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The Final Goodbye

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The phone rang. It was around 9:30 at night. I was preparing to go to bed as usual as I am an early-to-rise and early-to-bed person. It’s a habit or rather a routine. I wasn’t expecting a call from anyone at that time. At my age phone calls are rare. I do not call anyone much either. I suppose as we age some of us socialize less. I am ok with that.

I pick up the phone. It was Vick on the other end. I definitely wasn’t expecting a call from him. After the initial hi and hello he gave me the news. Ann, Vick’s mom, passed away three days earlier.

I had known Ann for almost five decades although I did not see her much. Her husband Richard Thunberg was my advisor at the university. He was also my boss as he had offered me my first job when I was a graduate student. I needed that badly as I was barely making a living. On top of that, I had just gotten married to a woman from my hometown I had left behind in a faraway place and brought her to this land. I was impressed by Dr. Thunberg’s vibrant energy. He was relatively a big person in his early fifties, with a well-trimmed greyish beard.  He was friendly and jovial and loved to talk.  He walked so briskly that it was difficult for me to keep up with him.  He was extremely enthusiastic about the project I was working on. It was an offshore project under a three-year contract. It is through him that I got to know Ann.

She was a strong, independent, and beautiful woman running the day-to-day operation of the office. They had two boys – Vick and Rick, both in high school at the time. Vick was the older one. So I got to know them as well. Vick was working at his dad’s company on the same project during the summer months and worked with me closely. We used to travel offshore often – occasionally with Vick. Most of the time Dr. Thunberg would come to our place in the wee hours of the morning, pick me up, and we would drive to a helicopter hub at a place near the intracoastal water in south Louisiana. We would get on a helicopter and fly off to one of three platforms where the project was being deployed.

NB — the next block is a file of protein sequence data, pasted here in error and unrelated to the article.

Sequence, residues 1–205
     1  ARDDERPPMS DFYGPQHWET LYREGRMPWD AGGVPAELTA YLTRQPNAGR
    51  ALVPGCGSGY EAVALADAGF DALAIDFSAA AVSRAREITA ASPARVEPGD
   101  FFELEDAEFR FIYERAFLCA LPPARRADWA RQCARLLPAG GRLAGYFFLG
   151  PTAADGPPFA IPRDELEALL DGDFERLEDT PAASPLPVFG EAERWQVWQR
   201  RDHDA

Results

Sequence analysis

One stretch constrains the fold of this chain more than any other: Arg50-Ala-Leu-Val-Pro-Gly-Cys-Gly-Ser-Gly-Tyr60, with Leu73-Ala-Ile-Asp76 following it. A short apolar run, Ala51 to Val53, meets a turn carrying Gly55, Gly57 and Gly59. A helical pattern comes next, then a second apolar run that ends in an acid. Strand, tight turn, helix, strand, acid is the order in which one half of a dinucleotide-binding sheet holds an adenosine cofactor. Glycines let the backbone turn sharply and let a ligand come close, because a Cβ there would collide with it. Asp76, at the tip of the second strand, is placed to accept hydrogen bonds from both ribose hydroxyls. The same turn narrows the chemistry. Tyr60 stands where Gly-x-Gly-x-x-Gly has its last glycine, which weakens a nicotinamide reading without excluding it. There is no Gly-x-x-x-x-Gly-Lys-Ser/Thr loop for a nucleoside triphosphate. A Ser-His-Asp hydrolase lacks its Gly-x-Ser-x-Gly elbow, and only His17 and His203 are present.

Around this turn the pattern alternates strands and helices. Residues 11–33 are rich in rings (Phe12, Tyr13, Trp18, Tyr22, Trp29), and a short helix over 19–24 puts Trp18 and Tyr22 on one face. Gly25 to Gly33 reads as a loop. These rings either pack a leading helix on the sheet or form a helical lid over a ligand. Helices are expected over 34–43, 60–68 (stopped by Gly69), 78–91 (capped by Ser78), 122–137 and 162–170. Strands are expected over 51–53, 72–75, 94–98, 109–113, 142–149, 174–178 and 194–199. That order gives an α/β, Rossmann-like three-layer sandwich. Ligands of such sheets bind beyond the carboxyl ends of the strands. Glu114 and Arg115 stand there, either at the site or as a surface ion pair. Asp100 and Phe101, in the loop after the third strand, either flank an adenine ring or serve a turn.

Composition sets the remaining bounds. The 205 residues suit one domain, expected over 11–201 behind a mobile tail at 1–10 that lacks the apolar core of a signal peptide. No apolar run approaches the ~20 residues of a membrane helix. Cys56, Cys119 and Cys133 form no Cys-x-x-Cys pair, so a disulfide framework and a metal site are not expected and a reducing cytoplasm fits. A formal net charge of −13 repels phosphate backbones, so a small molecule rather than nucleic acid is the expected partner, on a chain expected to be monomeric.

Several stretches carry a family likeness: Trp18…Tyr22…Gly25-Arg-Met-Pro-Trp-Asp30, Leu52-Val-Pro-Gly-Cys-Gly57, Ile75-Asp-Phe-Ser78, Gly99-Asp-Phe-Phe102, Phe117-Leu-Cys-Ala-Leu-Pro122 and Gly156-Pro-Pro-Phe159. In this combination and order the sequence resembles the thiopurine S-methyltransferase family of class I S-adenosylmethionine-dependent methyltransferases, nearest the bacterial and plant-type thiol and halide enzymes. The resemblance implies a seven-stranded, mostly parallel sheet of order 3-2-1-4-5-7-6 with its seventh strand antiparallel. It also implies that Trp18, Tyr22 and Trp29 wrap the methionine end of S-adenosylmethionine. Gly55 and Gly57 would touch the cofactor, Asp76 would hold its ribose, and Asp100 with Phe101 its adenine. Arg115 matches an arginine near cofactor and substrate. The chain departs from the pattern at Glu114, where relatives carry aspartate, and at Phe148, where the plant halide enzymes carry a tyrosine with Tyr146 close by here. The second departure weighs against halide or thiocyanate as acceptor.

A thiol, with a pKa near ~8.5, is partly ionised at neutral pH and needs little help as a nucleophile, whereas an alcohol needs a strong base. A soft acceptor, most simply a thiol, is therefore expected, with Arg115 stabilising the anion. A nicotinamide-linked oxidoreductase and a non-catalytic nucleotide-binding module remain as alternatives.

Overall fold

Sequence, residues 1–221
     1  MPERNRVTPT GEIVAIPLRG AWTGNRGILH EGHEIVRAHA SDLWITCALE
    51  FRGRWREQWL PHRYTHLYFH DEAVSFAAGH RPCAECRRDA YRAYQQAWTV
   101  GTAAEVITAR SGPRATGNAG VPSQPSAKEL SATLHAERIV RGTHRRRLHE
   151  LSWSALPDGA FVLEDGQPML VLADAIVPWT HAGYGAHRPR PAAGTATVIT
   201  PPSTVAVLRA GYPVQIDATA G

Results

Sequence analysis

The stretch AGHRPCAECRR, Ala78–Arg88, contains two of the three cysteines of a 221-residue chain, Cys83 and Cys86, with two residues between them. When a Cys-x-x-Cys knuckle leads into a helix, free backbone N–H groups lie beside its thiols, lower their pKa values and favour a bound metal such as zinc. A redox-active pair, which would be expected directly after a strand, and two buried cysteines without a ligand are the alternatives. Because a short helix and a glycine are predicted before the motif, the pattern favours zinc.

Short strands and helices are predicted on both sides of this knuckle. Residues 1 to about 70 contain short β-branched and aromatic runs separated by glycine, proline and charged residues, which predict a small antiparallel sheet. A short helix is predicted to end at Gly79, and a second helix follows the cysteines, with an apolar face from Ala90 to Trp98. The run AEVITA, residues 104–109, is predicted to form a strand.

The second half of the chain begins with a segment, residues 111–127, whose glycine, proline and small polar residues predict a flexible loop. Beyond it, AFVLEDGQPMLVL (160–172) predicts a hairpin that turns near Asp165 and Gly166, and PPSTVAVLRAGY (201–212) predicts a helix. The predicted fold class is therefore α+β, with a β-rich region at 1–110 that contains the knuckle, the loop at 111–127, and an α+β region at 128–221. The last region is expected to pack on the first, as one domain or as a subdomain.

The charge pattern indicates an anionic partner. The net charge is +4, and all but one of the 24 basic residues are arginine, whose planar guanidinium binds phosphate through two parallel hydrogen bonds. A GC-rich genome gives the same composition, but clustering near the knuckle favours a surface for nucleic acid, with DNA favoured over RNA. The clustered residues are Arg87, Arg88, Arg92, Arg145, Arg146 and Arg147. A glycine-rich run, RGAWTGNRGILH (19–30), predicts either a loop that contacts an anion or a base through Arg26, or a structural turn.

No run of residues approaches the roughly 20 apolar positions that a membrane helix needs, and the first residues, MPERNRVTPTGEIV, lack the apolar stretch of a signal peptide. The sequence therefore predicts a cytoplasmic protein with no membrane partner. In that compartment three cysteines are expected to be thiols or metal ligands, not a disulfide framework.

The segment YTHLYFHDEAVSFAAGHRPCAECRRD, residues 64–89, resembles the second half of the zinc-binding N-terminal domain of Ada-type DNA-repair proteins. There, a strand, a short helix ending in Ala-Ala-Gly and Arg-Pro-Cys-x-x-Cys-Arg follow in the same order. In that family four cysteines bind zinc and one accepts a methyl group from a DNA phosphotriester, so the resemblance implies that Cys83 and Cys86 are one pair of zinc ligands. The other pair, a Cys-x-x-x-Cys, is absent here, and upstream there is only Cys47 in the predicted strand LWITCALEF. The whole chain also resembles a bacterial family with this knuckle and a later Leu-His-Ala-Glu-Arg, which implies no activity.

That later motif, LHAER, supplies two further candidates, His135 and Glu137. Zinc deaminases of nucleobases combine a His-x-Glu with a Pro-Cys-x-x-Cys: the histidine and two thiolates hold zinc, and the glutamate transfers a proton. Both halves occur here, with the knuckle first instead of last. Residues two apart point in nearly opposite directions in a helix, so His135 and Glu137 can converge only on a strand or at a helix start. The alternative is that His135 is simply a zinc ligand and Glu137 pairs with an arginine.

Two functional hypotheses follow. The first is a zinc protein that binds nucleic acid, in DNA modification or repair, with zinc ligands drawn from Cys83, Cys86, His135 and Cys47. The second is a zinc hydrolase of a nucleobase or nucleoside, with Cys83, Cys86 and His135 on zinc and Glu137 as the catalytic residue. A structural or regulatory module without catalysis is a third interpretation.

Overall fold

It was in the early part of the second year of the project. Thunberg and I headed east as usual.  After a few miles, he asked me to drive so he could take a nap in the back.  I got behind the steering wheel and adjusted the seat and mirrors.  It was a large vehicle, more like a van, compared to our small beat-up sedan.  I was not used to driving such a large vehicle and I drove carefully.  It was still dark, drizzling slightly with occasional spots of thick fog.  After about an hour for some reason, the car began veering off the road to the right.  Perhaps one of the tires was straddling the edge of the road.  Suddenly the car skidded, started spinning around, rolled, and ended up in the other lane, on the westbound side of the highway.  We hit something, and I was thrown out on the grass onto the median strip.  I got up and screamed for help.  A pickup truck stopped.  A man jumped out and grabbed hold of me.  He tried to calm me down.  I kept calling, “Dr. Thunberg!  Dr. Thunberg!”  Another person from the pickup truck said, “He’s okay.  He’s fine.”  They took me to a nearby hospital in a rural small town where they must have sedated me with a shot and I went to sleep.